Bioactive natural products continue to serve as leads in the search for novel pharmaceutical agents, those containing heterocyclic rings have been especially successful in this context. In this proposal, we outline a variety of new synthetic chemistry that is expected to provide efficient methods for the construction of natural product and natural product-like molecules; these synthetic molecules will be evaluated for their therapeutic potential in a variety of high throughput screens.
In Aim 1 we propose to extend our observations of the feasibility of thio acid-azide click chemistry for amide bond formation in imidazole-containing substrates. Specifically, we outline approaches to a suite of pyrrole-containing thio acides which will enable the introduction of the signature pyrrolecarboxamides found in the oroidin alkaloids. A number of instances have been uncovered where the traditional methods for introduction of this fragment have failed. Our plan is to use an in situ base triggered elimination of the thio acid from a thio ester. We also outline the use of a similar strategy for the preparation of trihaloacetamides and t-butoxy urethane (t- BOC).
The second aim focuses on application of these new reagents to completion of the total synthesis of three members of the oroidin alkaloids, specifically nagelamide A, nagelamide C and ageliferin. Synthetic access to each of these targets has been compromised by issues associated with introduction of the pyrrolecarboxamides. Efficient syntheses of the advanced intermediates in all three cases have been developed and application of the chemistry developed in Aim 1 will permit the completion of the synthesis of each of these molecules.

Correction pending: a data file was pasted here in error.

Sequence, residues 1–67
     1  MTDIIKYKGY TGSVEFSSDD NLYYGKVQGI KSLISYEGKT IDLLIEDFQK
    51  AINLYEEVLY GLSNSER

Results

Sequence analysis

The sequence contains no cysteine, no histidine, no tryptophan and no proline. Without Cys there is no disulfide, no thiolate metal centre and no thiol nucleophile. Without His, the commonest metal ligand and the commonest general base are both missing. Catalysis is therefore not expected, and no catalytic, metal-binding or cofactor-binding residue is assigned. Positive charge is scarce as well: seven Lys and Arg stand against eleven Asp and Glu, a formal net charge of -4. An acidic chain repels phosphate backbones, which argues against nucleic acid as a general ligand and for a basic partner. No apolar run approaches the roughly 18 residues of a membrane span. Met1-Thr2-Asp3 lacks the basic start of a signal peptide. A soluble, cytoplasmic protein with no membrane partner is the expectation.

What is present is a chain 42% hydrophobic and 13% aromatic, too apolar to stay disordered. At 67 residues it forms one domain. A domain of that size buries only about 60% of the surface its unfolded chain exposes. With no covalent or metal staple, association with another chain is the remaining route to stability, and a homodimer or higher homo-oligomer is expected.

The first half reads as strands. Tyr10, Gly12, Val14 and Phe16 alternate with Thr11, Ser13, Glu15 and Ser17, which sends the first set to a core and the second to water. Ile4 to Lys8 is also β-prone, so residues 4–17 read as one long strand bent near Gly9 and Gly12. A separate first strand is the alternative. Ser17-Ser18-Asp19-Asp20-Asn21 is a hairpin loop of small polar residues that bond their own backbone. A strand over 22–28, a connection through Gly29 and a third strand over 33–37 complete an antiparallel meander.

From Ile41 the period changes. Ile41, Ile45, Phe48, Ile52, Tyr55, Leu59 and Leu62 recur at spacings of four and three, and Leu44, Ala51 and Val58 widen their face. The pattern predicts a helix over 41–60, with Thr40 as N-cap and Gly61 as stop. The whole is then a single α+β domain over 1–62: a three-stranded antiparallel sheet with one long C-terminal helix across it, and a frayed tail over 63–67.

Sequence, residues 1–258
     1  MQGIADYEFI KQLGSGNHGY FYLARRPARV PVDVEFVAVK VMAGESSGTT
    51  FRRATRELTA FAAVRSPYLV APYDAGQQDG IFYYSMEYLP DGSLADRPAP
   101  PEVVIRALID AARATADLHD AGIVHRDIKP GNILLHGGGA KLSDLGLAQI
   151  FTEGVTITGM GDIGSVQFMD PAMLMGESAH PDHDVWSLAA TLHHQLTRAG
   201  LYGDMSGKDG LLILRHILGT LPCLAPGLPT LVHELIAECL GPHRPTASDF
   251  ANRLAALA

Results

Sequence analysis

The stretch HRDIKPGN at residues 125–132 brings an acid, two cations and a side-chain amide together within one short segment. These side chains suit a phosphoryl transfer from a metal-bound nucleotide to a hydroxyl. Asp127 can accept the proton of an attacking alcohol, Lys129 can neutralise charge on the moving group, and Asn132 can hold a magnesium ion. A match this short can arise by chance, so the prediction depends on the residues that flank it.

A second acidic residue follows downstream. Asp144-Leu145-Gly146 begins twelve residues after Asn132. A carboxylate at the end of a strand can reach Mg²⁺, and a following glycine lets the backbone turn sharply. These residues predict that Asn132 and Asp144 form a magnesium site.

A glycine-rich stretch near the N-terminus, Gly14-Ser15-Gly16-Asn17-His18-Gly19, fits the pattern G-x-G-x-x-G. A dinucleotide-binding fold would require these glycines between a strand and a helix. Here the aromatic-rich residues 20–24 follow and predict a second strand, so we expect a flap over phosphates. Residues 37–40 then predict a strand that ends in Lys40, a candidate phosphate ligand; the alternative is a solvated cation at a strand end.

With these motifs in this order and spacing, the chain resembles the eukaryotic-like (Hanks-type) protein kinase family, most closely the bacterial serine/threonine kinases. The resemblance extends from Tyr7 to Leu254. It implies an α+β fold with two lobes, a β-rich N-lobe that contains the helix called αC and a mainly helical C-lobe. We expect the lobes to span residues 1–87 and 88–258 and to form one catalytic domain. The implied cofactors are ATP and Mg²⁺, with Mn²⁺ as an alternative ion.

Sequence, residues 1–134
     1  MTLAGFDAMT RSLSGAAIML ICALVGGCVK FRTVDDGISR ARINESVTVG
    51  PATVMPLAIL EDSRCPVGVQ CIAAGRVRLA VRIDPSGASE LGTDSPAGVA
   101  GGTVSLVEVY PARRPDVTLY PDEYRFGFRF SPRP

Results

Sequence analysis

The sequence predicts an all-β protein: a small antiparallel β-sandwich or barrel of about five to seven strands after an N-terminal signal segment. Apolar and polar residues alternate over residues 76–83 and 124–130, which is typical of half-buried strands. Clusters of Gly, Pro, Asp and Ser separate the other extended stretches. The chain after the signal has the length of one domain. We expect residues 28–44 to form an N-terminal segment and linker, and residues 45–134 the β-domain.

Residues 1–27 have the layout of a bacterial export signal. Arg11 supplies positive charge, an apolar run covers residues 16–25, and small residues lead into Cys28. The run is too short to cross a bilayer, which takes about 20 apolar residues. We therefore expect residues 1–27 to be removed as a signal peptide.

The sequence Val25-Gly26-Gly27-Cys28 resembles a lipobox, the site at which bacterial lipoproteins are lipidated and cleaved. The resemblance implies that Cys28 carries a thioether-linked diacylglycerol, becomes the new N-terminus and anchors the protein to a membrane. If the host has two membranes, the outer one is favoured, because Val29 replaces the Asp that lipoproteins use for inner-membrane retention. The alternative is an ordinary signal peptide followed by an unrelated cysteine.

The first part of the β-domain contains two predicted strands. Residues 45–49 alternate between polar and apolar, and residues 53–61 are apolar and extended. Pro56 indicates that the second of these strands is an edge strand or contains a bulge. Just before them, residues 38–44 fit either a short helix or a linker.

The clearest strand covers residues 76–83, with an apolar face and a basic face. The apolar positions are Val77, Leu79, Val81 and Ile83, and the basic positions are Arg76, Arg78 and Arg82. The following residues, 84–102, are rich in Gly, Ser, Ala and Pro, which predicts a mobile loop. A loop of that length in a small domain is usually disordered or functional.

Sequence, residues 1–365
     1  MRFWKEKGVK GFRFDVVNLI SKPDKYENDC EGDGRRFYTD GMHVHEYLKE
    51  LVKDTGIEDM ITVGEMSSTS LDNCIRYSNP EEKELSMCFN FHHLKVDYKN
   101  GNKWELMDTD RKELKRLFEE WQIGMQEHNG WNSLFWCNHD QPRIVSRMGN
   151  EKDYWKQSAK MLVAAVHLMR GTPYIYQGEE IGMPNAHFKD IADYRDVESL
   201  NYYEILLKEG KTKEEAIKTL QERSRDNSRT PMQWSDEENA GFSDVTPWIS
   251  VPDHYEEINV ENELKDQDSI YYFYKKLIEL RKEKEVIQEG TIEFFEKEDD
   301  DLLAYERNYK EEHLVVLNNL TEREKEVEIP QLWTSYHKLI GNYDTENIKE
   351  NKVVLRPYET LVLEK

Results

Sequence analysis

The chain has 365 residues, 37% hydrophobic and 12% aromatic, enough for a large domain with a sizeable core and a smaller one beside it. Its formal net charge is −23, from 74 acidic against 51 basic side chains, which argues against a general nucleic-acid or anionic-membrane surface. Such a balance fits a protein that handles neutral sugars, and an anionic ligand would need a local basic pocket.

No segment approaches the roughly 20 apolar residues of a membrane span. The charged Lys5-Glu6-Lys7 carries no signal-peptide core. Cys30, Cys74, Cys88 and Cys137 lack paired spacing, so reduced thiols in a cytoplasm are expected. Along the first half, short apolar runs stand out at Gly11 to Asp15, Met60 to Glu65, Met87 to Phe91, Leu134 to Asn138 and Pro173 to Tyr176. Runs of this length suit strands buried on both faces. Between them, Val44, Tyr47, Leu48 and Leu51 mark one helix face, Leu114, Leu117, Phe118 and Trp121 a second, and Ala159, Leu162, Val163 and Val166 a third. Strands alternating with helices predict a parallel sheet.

The final aim outlines an extremely short, second generation synthesis of ageliferin using a urazole as both the source of two nitrogens and as a scaffolding element to facilitate an intramolecular Diels-Alder reaction of a bis vinylimidazole. Strong preliminary data support the generally feasibility of this chemistry which if successful will provide the shortest total synthesis of ageliferin to date.
The search for more effective and safer drugs to address the ongoing challenge of relieving the impact of human disease is on-going endeavor. Nature has proven to be an excellent source of inspiration catalyzing the development of new pharmaceuticals by producing structurally distinct natural products that exhibit potentially useful biological properties. In this submission we describe the development of new synthetic methods that enable the total chemical synthesis of several natural molecules which may have applications in drug discovery.